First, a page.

The legend of George and the dragon came about in the early 11th century and it’s thought that the dragon represented Satan and the Roman Empire.
The story goes that a plague-ridden dragon lived in a lake. The people of the nearby village had to feed it two sheep a day to avoid its horrible anger. When there were no more sheep, they began feeding it their children.
The children were chosen by lottery and, one day, the King’s daughter was chosen. He pleaded with his people to spare his daughter and offered all his gold if another child could be sent. The people refused and the princess went to the dragon.
St George rode past and decided to stay with the princess. When the dragon appeared, St George used his lance to deliver a wound to the beast. He went back to the village and told them he would slay the dragon if they converted to Christianity. They agreed and the dragon was killed.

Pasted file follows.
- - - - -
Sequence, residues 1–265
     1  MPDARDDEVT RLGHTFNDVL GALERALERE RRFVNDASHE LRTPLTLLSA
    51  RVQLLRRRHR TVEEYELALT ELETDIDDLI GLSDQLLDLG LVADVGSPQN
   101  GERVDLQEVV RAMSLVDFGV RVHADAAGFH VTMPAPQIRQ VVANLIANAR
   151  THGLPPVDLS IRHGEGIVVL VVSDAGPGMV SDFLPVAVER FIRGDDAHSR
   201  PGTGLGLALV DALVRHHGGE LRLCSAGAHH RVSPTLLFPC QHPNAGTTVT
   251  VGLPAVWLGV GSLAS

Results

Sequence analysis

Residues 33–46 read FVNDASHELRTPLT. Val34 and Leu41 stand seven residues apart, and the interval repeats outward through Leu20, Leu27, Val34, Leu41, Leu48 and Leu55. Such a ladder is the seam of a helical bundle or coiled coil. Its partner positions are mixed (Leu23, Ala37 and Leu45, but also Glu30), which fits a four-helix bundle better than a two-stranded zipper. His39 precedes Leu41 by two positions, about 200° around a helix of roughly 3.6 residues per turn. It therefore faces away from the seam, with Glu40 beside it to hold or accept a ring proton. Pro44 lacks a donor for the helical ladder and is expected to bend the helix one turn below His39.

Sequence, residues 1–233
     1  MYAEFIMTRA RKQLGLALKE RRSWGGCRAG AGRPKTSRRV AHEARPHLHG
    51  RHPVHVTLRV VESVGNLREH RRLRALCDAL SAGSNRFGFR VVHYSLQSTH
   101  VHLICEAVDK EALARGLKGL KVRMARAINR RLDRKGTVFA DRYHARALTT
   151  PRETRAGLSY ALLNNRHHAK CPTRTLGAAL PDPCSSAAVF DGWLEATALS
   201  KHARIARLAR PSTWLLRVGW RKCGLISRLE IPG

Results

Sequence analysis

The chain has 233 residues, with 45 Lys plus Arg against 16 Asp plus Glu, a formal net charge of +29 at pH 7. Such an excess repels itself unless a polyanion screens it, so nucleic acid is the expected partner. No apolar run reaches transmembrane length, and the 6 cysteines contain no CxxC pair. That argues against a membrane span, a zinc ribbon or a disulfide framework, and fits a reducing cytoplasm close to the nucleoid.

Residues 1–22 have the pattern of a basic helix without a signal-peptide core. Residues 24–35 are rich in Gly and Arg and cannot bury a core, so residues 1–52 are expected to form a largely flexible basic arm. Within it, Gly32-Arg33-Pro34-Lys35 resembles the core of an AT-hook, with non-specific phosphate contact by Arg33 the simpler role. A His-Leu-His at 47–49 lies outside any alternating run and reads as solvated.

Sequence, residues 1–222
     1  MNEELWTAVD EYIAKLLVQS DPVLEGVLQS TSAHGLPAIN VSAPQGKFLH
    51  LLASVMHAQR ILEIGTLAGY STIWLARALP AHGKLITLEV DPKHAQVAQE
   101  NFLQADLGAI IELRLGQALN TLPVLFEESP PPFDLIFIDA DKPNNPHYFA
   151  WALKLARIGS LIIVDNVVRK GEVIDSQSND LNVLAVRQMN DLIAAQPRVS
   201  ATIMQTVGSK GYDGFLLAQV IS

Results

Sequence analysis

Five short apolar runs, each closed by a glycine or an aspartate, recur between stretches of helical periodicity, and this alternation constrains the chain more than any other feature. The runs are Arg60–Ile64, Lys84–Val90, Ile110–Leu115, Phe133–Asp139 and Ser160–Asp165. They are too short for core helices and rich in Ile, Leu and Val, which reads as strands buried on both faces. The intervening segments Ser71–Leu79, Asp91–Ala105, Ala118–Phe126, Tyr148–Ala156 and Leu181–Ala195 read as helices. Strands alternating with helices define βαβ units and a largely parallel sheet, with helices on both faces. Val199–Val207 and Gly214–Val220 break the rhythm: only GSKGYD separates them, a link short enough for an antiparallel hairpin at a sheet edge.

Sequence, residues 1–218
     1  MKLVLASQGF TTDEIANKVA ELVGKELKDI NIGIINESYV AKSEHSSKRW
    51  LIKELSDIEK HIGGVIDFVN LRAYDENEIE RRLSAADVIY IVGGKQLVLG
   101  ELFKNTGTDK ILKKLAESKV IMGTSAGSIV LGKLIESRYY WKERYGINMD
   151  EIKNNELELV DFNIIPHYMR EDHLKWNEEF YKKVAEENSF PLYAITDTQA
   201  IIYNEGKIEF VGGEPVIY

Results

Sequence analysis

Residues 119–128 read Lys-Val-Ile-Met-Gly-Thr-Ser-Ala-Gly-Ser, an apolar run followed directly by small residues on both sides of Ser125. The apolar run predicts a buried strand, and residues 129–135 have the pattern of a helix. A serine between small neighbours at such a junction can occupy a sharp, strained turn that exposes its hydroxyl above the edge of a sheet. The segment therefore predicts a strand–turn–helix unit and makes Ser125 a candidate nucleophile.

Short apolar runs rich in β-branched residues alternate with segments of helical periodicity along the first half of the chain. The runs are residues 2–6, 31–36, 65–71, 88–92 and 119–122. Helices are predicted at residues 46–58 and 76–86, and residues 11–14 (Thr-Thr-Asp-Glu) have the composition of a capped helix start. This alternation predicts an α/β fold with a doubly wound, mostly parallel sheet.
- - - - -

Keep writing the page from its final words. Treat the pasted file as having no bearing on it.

We know St George was born into a noble Christian family in Cappadocia – now Turkey – in the late third century. He followed in the footsteps of his father and became a soldier in Emperor Diocletian’s retinue.
The Emperor ordered the systematic persecution of Christians and St George refused. The Emperor didn’t want to lose one of his best soldiers, so he begged George to renounce his Christian god and make a sacrifice to the Roman gods.
George still refused and, because of his refusal, in 303AD he was tortured and executed in Palestine becoming an early Christian martyr.
St George’s Day is celebrated on the 23rd April because this is thought to be the day he died.
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